The last major dietary change (and by far, probably the most drastic) is extremely recent (mostly during the past 200 or fewer years) and has had the most telling and most deleterious impact on our physiology and our health.  This is the age of industrialized, processed, manipulated, adulterated ingredients that most people in the westernized world consume today.  Many, perhaps most, of these “food” items probably should not even be technically called foods – and the relative proportion of these altered nutrients is increasing in our diets at an exponential rate.  Dr. Weston Price, a dentist who witnessed first-hand the effects of modernizing diets on the tooth and jaw structure of his patients, ventured throughout the world in the 1930s comparing indigenous people eating their native and “primitive diets” with their neighbors, cousins, brothers and offspring who were assimilating western diets of processed and canned foods.  His studies and observations are some of the most powerful examples of the effects of diet and nutrition on the human body, mind and spirit.  See Dr. Price’s Nutrition and Physical Degeneration for a clear, enlightening (and yes, sad and sometimes frightening)  description of a major transition in our dietary history. 

 

I will go into much detail about this last dietary milestone, describing how what we eat (and sometimes how we eat) has led to the health and nutritional disasters of our time – and also, more importantly, how we can move back into balance with ancestral diets that are more in-tune with our genetics and biology.

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Imagine a time and a place when what we ate supported our natural and intrinsic health and vitality.  A place and a time where we (as a human population) were in balance with the nurturing products of nature in such a way that our physiological needs were essentially met; all of our biological systems (digestion, cardiovascular health, hormonal balances, fatty acid needs, etc.) were supplied with the correct nutrients for vital and long-lasting health.

For most of us, that time and place is hard to imagine; especially hard to imagine in a really personal and tangible way.  Our families, our peers, our cohorts and friends all seem to be touched (directly or indirectly) by one or more of the major maladies of modern culture – heart disease, cancer, diabetes, chronic pain, digestive disorders, obesity, depression, anxiety, stress, etc., etc.  – to such a great extent that it seems to be part and parcel of our everyday lives.  It’s as if this were the “natural” condition.  And all of this, despite the fact that we “supposedly” have the most technologically advanced medical and health system the world has ever seen.  Most of us know that while we are told that “we are the greatest country in the world” over and over, and part of us actually believes it (or wants to), that there is something drastically wrong with the big picture; something askew between our supposed “abundance” and our ability to remain in balance with the sources of vital nutrition that are supposed to support us.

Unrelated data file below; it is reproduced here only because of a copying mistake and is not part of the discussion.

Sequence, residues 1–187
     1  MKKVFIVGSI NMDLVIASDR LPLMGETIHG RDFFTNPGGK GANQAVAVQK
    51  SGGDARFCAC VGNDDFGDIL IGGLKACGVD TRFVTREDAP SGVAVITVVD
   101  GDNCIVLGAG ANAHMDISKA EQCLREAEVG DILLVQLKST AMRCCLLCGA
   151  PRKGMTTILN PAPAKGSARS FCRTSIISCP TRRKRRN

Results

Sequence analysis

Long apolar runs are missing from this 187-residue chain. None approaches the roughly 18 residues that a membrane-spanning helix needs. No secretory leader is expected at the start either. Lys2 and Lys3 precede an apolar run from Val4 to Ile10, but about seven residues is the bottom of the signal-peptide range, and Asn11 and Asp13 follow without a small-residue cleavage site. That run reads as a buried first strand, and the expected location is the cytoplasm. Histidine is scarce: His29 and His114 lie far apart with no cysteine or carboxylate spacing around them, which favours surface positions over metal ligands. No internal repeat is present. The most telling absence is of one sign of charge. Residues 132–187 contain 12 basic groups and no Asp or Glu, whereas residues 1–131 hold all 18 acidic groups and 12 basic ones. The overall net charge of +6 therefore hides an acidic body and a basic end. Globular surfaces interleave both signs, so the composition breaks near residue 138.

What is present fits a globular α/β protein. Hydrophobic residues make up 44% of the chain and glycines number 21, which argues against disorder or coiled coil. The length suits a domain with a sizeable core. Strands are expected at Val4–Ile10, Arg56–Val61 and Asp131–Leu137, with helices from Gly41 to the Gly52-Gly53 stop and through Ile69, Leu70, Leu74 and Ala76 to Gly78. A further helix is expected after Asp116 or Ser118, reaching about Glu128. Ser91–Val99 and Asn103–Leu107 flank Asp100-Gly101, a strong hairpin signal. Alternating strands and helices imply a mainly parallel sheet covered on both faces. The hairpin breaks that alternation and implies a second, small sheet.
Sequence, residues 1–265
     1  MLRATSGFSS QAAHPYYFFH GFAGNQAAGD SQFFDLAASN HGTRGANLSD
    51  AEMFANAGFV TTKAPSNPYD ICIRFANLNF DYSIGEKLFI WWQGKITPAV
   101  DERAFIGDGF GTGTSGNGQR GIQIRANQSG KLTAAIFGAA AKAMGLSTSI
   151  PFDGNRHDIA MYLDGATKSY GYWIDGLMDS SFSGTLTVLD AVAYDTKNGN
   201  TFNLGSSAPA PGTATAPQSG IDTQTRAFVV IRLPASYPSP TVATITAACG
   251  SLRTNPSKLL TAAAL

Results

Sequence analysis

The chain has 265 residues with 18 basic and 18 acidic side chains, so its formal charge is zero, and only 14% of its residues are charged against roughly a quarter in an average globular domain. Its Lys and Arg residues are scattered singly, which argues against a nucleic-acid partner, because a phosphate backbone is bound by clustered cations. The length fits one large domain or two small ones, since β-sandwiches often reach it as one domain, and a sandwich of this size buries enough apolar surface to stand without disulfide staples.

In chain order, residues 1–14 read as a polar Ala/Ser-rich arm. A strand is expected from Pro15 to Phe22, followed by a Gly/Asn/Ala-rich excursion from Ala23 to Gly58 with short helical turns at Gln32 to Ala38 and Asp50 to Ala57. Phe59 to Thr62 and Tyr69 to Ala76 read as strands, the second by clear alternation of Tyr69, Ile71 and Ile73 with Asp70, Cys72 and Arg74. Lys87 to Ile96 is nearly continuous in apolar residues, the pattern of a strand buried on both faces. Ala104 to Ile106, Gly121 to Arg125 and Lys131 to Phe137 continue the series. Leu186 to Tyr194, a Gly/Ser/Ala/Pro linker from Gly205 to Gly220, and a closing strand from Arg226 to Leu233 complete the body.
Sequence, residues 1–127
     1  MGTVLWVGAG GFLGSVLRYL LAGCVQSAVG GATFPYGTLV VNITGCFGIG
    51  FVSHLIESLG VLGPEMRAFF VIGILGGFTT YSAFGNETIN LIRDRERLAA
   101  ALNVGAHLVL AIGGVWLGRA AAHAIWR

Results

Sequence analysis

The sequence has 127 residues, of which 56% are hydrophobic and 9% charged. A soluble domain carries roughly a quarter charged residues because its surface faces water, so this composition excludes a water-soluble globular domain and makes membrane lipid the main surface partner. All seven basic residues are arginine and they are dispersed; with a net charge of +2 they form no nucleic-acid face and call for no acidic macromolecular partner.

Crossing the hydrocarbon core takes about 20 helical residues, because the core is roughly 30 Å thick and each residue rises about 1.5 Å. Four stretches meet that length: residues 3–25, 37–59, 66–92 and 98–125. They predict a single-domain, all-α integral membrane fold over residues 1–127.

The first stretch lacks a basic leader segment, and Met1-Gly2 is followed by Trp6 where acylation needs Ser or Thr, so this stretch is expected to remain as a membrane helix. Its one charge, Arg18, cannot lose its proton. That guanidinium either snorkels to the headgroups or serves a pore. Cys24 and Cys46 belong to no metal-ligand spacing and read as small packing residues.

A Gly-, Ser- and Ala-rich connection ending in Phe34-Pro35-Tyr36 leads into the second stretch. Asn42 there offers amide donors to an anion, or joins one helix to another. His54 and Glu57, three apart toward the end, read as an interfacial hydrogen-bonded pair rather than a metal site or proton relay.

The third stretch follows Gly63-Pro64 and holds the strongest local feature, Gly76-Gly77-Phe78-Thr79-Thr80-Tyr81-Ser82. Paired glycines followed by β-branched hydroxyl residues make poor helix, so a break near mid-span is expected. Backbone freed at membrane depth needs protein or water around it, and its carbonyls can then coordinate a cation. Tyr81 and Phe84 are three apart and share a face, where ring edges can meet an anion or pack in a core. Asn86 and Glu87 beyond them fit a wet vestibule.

Now, imagine being blessed with all of the tools and techniques available that could quickly and easily determine the kinds of nutritional and physiological support that our bodies (and minds) need and want.  Tools such as the knowledge and connection with what our ancestors ate to remain in vital health and well being; methods of “asking” the body to give feedback as to what, specifically, is out of balance, and what kinds of nutritional support is required to re-balance it; tools that help us to tune into our behaviors, moods and emotional states in such as way as to determine, again, how to bring forth balance and vitality.  It’s my belief that we have all the tools (and then some) to move all of us into a better state of health and well being.

Part of the purpose of this blog is to explore the gap between the above first two paragraphs.  Was there a time when our ancestors were really in balance, nutritionally, with their environments in a long-term and sustainable way?  And if so, what has brought us to such a divergent outcome and what can we do to move back into balance?  Another purpose of this blog is to explore the resources we all have available to us to “turn things around” in our own lives and (hopefully) in the lives of those we are close to.

I would like to explore, partly, what brought us to where we are, and more importantly, to look at what we are able to change to “right the sinking ship” of poor health and dysfunctional physiological processes.  We’ll look at some of the major “myths”, stories and down-right lies about health and nutrition that have been created and perpetrated over time, at some of the specific tools that can help many to “rebalance” the ship, and at specific foods, herbs, supplements and “ways of eating” that can move us from dysfunction to wellness.

Please comment freely, ask questions and make specific requests for future topics.